My dad also instilled in me a love of sports. He grew up idolizing Ted Williams and the Boston Red Sox. He also met Mike Ditka in an elevator years ago and that interaction spurred a 50+ year love of the Chicago Bears. Proudly, I got to take my dad to his first Red Sox and Chicago Bears games. Memories I will always cherish. My parents were huge baseball fans. Dad loved his Red Sox and mom is a Yankee fan. I know, I know….it was a mixed marriage as they say in the baseball world! It’s a wonder I turned out so normal and ended up a Phillies fan. No one was happier than my dad when the Red Sox won the World series in 2007. We must have bought him every sweatshirt, t-shirt, car magnet, hat, etc. that highlighted that victory. For one of their anniversaries, I sent my parents to Yankee Stadium to watch a Red Sox/Yankee game, but sadly, my dad’s arthritis made traveling hard for him, so I could never get him to Fenway Park or to Soldier field as I had hoped. I plan to turn all of my dad’s shirts into a quilt to keep him with me always.

My dad became disabled in his later years. His body was worn out from years working in the factory. Although he couldn’t do much physically, the man who was never known for his patience, would spend hours watching 70’s TV classics like Ponderosa, The Rockford Files, and Wonder Woman. To keep his mind sharp, he listened to radio news while working on word searches and read book after book on politics, the CIA, and Area 51. He was famous in our family for his love of Bloody Mary’s and for making his meatballs in red sauce for family events. Dad loved to cook and experimented on me throughout my childhood. His stir-fry period with his new Wok still makes me laugh and cringe in equal amounts.

I found out a few years ago that my dad never wanted me to go to college. He thought I should stay home and get a job so I could get married. He didn’t want me to leave home. I surprised him by leaving and pursuing multiple degrees. I remember his pride as I received two of my three degrees and he loved to wear sweatshirts from the universities I attended. My mom told me he thought of me as his greatest achievement. I’m glad that I was able to make him proud.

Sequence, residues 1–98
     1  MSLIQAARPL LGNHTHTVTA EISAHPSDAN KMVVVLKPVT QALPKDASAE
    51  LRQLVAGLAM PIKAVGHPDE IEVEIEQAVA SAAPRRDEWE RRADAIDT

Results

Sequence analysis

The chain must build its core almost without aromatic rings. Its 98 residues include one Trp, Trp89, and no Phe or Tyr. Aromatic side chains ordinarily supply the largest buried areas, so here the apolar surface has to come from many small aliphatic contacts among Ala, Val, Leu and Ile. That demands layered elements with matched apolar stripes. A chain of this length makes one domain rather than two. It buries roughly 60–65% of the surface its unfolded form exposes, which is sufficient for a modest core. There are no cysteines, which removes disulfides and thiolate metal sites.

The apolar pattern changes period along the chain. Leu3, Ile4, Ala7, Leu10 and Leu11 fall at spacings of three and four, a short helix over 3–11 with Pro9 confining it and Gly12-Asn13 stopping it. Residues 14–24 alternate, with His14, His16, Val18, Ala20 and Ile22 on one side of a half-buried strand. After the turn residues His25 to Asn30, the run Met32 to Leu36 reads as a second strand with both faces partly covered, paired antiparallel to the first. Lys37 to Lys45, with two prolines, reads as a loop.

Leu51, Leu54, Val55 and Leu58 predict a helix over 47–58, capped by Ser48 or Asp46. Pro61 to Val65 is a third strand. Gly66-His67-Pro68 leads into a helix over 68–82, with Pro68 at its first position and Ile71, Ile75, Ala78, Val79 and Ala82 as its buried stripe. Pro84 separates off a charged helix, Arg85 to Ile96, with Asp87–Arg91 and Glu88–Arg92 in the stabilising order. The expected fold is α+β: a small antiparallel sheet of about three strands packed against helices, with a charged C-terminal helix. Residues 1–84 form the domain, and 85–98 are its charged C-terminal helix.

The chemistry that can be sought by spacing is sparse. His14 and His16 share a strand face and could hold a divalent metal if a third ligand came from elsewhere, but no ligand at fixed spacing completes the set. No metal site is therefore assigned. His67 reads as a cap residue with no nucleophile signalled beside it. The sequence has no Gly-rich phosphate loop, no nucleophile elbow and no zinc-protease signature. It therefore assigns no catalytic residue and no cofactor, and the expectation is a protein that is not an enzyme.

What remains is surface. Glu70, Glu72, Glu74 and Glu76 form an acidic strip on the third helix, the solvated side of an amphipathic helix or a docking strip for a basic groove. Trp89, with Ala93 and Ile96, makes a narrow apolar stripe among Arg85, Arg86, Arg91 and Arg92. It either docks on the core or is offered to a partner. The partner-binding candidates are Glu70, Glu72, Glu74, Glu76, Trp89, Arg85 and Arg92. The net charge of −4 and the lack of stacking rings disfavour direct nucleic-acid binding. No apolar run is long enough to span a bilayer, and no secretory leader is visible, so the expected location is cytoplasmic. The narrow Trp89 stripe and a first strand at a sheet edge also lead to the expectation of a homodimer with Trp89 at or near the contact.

My graduation from La Salle University

Now that I am processing all of this, I feel equal parts grief, disbelief, and rage. Grief that I no longer have my dad in my life. Disbelief that I couldn’t be with him to hold his hand as he crossed to the to the other side, and rage that he was exposed to a deadly virus as he was recuperating from an injury in a facility that was supposed to keep him safe. This pandemic has become so politicized. People protest against masks as if it is the most egregious thing in the world. Those who do wear masks often think because they wear the same mask over and over again while they go into a store they are doing their part, and they go to bars, restaurants, and get-togethers on the regular. It’s selfish to know that a person’s right to go to a bar or out to dinner is more important than another person’s right to live safely. Don’t get me wrong, my heart breaks for small businesses, but people are dying. I see photos of kids at sporting events on social media without masks or social distancing, and often with their arms around each other smiling. These are the same people who complain when schools close as a result of high infection rates.

Now I am fully aware that most people will come through this pandemic unscathed. My life, however, is forever changed by it. I posted on facebook recently that if one more person points out my dad had preexisting conditions I would “throat punch” them. I was only half kidding. If my dad was hit by a bus, would his preexisting conditions have been the reason for his death? No. The catalyst would be the bus. It’s the same with COVID. My dad’s healthy organs failed as a result of this horrid disease. Inflammation ravaged his body and he could no longer fight it. I can’t tell you how painful this disease is on a person. My dad suffered greatly as the result of people who refuse to do the right thing to protect others. As a society we are all consumed with “US” and never them. I learned from my dad that service is important. My dad served his country, he volunteered for charity, he honored fallen vets by playing Taps at their funerals…..and he was killed because our society can’t get their act together enough to fight against a deadly virus. So I am outraged by those who rail against regulations on social media. I blame you all for his death. Those who claimed the virus would be out of the news after the US Presidential election (because these brainiacs can’t see this is a global problem) can disappear from my life and I won’t miss you at all. I will however, miss my dad until the day I die.